What is the role of Beta Testing for Product Managers?
Product managers may use the flood of input from beta testing to gather a variety of ideas and suggestions for future releases. Furthermore, because testers are encouraged (and often rewarded) for providing feedback, they are considerably more likely than normal users to make proactive requests and comments.
Beta testing is also an opportunity to start tracking user behavior and analytics to ensure that users interact with the product as intended or to uncover unexpected usage trends. Gathering these insights before a broad release may assist priorities in user education, onboarding, user help, and documentation, resulting in a better overall user experience.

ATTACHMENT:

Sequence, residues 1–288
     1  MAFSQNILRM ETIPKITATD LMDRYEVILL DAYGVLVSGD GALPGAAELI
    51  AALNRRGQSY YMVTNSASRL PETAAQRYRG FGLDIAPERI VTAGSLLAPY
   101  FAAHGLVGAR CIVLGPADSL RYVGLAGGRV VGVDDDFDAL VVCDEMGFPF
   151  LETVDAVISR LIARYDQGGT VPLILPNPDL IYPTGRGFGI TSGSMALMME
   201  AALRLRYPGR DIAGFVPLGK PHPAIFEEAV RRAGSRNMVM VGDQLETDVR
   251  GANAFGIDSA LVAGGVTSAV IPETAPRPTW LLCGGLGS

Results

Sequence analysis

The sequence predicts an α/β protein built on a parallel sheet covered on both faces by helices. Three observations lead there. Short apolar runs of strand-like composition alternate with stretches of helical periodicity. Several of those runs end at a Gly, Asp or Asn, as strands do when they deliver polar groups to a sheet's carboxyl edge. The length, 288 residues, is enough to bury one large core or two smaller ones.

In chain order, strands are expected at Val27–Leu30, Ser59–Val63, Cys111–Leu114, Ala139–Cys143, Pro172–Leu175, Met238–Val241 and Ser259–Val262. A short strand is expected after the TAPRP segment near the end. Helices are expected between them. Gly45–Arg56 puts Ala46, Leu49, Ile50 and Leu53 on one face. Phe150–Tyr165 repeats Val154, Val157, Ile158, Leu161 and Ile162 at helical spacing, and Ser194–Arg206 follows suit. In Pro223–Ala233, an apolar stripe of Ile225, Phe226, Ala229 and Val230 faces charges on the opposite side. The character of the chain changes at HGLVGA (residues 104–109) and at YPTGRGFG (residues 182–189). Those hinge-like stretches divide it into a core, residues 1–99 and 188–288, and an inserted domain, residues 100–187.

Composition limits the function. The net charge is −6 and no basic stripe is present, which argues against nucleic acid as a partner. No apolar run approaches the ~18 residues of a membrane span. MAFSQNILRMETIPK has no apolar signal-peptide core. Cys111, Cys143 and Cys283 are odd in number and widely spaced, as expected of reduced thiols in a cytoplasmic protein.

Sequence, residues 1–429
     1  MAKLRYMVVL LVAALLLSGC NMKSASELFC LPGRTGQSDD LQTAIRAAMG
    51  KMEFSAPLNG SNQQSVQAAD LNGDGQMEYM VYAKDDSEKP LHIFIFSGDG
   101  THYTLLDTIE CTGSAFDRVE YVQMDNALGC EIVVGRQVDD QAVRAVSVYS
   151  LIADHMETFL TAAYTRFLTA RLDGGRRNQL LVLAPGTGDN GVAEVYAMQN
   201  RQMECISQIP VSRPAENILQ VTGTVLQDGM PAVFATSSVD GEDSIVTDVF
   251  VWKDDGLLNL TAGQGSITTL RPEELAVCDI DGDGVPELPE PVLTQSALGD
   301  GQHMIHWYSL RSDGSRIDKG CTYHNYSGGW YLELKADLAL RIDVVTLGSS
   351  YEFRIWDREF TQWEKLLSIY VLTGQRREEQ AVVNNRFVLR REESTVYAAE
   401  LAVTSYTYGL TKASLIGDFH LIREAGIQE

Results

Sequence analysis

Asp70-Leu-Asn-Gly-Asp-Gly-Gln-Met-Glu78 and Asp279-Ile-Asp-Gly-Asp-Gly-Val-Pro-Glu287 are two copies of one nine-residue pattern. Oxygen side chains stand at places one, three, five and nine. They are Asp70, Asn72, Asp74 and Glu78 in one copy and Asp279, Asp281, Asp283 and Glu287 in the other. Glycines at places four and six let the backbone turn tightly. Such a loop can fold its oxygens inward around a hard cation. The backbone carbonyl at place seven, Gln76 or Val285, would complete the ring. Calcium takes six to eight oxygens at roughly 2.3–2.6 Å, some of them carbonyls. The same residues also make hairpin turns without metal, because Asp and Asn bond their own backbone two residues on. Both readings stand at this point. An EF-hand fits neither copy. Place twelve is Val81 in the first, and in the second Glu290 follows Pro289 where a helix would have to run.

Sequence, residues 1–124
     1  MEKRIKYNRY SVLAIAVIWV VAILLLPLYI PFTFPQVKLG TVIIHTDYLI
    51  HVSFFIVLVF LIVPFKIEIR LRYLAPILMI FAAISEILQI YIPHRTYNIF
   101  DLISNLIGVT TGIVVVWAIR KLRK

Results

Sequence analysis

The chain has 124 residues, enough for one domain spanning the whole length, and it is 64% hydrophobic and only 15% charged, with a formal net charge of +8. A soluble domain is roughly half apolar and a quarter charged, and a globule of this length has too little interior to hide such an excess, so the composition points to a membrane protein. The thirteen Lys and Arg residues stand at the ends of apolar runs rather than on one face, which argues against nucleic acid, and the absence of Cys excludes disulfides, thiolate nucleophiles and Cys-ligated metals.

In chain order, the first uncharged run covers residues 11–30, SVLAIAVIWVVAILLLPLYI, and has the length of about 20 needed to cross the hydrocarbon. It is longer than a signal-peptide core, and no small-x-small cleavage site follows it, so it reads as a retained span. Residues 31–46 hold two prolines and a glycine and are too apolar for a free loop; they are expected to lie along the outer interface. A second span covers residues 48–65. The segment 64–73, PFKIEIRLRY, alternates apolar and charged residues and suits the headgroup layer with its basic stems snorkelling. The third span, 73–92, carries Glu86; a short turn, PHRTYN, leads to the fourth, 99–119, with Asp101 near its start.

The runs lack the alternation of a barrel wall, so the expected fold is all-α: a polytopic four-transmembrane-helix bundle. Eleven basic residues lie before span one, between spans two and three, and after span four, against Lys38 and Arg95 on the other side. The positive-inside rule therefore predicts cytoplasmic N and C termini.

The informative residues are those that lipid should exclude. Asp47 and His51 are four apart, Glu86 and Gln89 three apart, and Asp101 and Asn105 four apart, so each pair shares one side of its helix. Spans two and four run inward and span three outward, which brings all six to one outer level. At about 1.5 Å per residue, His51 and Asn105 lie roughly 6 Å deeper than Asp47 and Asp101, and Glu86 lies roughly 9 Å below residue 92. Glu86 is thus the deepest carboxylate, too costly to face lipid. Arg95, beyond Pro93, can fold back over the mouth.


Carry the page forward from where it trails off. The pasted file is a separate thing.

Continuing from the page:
How to Make the Most of Beta Test Results
Testing results can also be used as ammunition if there is a disagreement about how severe a "known problem" is. For example, if product development is reluctant to address a problem, beta tester feedback might assist product management build a better argument for fixing it.
During beta tests, product managers may also conduct experiments and a/b tests to evaluate which prompts, notifications, messages, layouts, and featured content promote the desired behavior.
Examining the production environment's performance during testing may also help determine how aggressively the product should be rolled out. If scalability looks to be a problem during the beta test, for example, the distribution might be reduced to avoid a major outage or performance difficulties. At the same time, the infrastructure is being upgraded to handle a larger demand.